When issues do come up, it is best to communicate in writing with your landlord. Should you end up in a legal battle, you’ll have written proof of requests made that will be hard for the landlord to dispute.
Tenants and landlords don’t always see eye-to-eye. When problems arise that are not being resolved, what recourse do you have as a tenant?
Ideally, you want to be able to resolve matters amicably and continue to maintain a good relationship. However, sometimes things don’t go that way. That’s when the situation may call for legal action. Here are seven instances where a tenant can sue a landlord.
To understand what you can sue for, you first need to understand what you are responsible for. One of the advantages of renting is that you don’t have to worry about property maintenance. That’s the responsibility of the landlord. However, not every problem falls to the landlord to fix.
Tenants have a responsibility to keep the property in good condition and conduct minor maintenance. Not knowing where the line is drawn between tenant and landlord responsibility is often why disputes occur.
As a tenant, you are responsible for:
- Keeping the premises tidy and tending the garden (if maintaining the garden is in your contract).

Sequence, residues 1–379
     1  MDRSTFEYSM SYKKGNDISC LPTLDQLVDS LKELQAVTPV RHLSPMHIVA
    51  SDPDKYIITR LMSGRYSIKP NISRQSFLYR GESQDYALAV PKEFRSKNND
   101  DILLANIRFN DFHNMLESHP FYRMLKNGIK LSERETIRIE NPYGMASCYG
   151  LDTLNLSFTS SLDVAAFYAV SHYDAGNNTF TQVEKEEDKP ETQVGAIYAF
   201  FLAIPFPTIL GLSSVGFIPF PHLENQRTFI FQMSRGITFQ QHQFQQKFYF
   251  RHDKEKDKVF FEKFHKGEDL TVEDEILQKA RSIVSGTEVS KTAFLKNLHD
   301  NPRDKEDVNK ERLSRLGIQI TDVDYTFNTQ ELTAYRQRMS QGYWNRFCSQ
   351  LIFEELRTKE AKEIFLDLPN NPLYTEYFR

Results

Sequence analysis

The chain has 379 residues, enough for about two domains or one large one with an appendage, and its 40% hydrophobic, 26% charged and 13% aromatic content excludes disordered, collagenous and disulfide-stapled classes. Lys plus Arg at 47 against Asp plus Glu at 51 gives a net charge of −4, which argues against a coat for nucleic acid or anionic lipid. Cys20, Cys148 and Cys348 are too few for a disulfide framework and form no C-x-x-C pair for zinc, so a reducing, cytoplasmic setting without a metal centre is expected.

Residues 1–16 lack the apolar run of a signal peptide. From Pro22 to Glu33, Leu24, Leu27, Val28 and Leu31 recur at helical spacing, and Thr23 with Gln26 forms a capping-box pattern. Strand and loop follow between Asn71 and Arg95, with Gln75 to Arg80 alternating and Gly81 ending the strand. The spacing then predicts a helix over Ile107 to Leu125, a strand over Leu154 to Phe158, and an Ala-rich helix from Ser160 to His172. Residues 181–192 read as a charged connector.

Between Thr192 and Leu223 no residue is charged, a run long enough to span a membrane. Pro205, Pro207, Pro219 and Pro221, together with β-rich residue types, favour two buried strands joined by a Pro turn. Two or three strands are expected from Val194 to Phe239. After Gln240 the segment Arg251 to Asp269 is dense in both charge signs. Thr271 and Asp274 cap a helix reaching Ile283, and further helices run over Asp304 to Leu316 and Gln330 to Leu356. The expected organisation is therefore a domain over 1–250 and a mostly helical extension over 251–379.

- Disposing of garbage regularly, so as to not attract rodents and pests.
- Taking care of appliances, such as stoves, refrigerators, dishwashers, washers, dryers, and using them correctly to avoid damaging them.
- Properly operate and maintain plumbing and electrical fixtures. Don’t overload electrical outlets. If a drain is blocked, you can unblock it.
- Not causing damage, whether deliberately or through neglect, to the inside of the unit and outside (including communal areas).
As a tenant, you are also liable should something happen on your property that affects a neighbor or visitors. Let’s say a water pipe bursts in your apartment. Should flooding occur and it seeps down into the apartment below, you are responsible for any water damage. If a fire breaks out and a visitor is injured, you can be held liable for their medical costs.
It’s always advisable to take out renters insurance that covers theft or damage to your personal belongings while renting. It also covers incidents in which damage or injury occurs to others or neighboring properties.
7 Times Tenants Can Sue the Landlord
Now that you know what you are responsible for as a tenant, let’s look at certain scenarios where a landlord isn’t fulfilling their obligations. Here are 7 scenarios where the tenant has the right to sue.
1. The property is uninhabitable and is a health or safety hazard
Landlords are responsible for keeping a property habitable. That means the premises should be clean and free of pests and mold. All electrical and plumbing should be working and there should be no structural damage that can become a safety hazard. If the property becomes uninhabitable and you’ve raised it many times, you should take further action.
2. If you are injured due to a lack of property maintenance